But there is a downside here: as much as Facebook interacts with single users and single users are replicating their subjectivity on Facebook in an opportunistic fashion, to use Greasemonkey [2] as tool of resistance keeps the effects of change limited to the individual user's page and screen. Friends that check a Facebook page that has been changed with Greasemonkey tools will not see these changes. They remain excluded from this resistance. This is because a client-side resistance designed with Greasemonkey cannot be shared and cannot become a common experience. Here, I think, the proposal to challenge Facebook within Facebook's realm reaches its limits and it becomes clear that the protocological regime is stable as long as its servers are not affected. The “exploit” that Galloway and Thacker seek as the contemporary form of resistance within digital environments need to be placed within the network and needs to have a bi-directional communication capacity to reach out. Stumpel argues that applying client-sided Javascript already is a way to exploit the protocological regime [3].

At the core of the rhetorics of Web 2.0 prosumerism is the blurring of production and consumption and the proclamation of the user as a productive entity. Stumpel's argument lies somewhat in between two worlds: rightly claiming that code is the key to digital autonomy and client side code cannot deliver this autonomy, like an alternative Social Networking Site that offers open protocols so that any other code base can connect. Scripting away one's Facebook page is a good start to understand the materiality of one's online presence.

A way out of this systemic dilemma is to publish screenshots of how one sees the page changed with self made scripts. This method has already proven to be a great aid in circumventing censorship [4], which is just another regime of what-you-see-is-what-we-want-you-to-see (WYSIWWWYTS). This as well shows the limits of power of code: image files can transport human centric layers that machines are (still) not capable to decode. Thus, by and large images remain a non-object in the code regime. This is a cheap and useful exploit.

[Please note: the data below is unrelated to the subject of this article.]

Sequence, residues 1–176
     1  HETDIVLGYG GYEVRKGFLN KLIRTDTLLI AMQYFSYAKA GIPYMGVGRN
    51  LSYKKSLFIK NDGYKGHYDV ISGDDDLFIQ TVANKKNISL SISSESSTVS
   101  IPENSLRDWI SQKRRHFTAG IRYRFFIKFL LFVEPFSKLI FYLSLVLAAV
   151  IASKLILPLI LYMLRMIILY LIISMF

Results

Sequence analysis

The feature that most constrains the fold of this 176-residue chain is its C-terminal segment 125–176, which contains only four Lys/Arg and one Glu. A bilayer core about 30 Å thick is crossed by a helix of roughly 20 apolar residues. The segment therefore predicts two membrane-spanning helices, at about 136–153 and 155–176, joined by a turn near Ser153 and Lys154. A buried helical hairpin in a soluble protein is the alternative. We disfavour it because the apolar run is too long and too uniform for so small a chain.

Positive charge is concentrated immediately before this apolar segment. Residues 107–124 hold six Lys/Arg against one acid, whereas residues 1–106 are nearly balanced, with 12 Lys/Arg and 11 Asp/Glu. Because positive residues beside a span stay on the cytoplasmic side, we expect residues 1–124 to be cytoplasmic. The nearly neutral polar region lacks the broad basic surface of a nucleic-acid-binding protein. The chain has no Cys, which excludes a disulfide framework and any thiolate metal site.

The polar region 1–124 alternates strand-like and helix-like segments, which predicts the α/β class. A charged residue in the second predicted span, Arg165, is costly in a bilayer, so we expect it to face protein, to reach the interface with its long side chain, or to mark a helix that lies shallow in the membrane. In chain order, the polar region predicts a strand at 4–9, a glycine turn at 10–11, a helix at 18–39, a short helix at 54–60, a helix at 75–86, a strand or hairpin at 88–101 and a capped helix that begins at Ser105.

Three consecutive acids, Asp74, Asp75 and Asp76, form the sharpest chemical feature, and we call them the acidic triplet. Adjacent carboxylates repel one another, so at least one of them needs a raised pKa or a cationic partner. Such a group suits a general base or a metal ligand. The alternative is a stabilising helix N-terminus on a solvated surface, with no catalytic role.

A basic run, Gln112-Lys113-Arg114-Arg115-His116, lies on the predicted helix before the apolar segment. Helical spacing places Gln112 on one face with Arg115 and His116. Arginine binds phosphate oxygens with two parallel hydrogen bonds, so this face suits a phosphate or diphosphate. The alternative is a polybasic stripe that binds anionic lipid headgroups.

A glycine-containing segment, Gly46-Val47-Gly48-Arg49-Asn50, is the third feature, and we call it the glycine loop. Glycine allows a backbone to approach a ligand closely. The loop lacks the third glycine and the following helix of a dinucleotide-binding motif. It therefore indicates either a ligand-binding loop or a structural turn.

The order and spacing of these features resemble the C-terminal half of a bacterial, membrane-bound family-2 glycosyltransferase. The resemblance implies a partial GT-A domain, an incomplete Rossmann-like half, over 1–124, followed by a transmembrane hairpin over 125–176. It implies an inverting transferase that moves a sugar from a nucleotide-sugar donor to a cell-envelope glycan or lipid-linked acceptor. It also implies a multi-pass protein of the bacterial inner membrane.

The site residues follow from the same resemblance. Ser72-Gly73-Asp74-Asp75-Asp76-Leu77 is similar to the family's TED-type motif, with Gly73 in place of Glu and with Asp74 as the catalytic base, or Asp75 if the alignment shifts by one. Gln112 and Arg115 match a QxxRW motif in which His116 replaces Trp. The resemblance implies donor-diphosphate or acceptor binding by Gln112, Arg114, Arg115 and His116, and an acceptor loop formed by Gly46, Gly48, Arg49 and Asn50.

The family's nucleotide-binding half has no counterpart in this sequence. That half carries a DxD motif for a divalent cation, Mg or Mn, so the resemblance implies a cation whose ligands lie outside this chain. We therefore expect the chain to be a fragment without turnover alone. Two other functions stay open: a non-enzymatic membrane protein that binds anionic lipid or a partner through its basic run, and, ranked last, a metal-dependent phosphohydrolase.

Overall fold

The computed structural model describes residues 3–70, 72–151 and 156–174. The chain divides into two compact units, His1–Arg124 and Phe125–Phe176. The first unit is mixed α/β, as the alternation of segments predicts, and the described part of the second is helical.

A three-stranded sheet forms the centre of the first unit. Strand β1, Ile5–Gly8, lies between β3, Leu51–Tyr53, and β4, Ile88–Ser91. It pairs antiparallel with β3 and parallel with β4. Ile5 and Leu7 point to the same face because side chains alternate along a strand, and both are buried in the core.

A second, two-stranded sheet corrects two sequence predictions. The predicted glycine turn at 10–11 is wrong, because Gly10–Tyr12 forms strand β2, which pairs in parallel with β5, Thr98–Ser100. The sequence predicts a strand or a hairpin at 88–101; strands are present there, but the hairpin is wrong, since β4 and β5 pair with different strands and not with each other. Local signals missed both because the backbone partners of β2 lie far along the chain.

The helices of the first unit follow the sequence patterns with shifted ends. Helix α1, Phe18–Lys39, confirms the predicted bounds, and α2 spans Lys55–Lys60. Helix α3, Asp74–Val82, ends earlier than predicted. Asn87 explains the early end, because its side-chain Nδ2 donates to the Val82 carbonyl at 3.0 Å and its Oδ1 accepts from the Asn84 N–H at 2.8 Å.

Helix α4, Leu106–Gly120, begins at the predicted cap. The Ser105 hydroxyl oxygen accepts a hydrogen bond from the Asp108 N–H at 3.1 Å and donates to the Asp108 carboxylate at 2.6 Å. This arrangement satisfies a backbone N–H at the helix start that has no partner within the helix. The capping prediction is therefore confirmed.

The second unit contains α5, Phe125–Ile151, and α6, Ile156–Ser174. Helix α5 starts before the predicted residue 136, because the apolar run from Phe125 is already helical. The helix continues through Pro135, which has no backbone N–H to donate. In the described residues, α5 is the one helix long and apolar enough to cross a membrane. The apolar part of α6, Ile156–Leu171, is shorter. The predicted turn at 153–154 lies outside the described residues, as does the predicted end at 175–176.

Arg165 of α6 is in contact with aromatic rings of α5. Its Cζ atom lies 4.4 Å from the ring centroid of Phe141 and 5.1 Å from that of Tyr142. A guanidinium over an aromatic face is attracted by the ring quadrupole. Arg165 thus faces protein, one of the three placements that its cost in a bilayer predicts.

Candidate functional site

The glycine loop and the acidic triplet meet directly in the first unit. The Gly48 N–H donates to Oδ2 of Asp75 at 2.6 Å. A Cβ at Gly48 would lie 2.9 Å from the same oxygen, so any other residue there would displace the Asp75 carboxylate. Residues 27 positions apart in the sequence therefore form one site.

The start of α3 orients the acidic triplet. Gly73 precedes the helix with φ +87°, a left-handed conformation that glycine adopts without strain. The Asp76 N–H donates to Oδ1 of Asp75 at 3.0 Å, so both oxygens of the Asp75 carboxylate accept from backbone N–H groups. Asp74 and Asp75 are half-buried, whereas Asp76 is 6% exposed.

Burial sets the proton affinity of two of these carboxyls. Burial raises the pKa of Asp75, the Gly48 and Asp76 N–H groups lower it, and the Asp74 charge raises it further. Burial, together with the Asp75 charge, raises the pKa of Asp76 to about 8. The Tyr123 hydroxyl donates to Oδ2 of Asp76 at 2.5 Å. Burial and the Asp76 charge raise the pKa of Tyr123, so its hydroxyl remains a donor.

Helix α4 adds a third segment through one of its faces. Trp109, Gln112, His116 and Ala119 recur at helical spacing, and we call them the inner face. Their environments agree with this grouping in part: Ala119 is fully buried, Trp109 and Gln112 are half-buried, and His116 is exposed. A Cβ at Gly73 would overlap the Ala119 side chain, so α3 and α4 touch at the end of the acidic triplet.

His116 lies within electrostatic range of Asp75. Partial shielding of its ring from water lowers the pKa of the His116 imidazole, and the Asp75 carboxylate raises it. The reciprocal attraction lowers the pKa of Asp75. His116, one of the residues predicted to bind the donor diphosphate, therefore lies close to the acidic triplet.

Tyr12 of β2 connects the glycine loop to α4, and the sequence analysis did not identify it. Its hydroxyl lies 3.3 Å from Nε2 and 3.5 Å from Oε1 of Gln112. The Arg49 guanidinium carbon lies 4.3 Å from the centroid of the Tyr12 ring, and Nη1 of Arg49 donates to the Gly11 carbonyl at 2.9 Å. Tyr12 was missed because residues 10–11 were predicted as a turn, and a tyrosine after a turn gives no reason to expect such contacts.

As a lot of people don't feel the agency to leave Facebook altogether because they have invested too much of their social life into the machine, already one can consider this as Facebook's real power: the social lock-in. Thus all considerations to challenge Facebook from within its own domain and regime are ways to irritate Facebook's basic layer: their economy which is based on selling ads and data through standardized forms and sites. If a critical number of Facebook sites would be DIY styled, many clients of Facebook and the huge armada of third-parties behind it would fast be worried about their assumption that with Facebook, communal communications have been successfully commodified in a stable way that allows investments of billions of dollars.


Oliver Liestart Oliver Leistert
Oliver Leistert is a media researcher focusing on mobile, online, and protest media. Currently a research fellow at the Center for Media and Communication Studies at the Central European University, Budapest, he recently co-edited, together with Theo Röhle, the first critical volume about Facebook in German: Generation Facebook. Über das Leben im Social Net. He runs a little blog: http://nomedia.noblogs.org

[1].http://fbresistance.com/

[2].https://addons.mozilla.org/en-US/firefox/addon/greasemonkey

[3].For a larger list of scripts that are affecting one's view on Facebook, see https://userscripts.org/tags/facebook

[4].The art work of Christoph Wachter and Matthias Jud called Picidae takes screenshots of a site from one node of the internet and sends the view to a user somewhere else: http://net.picidae.net/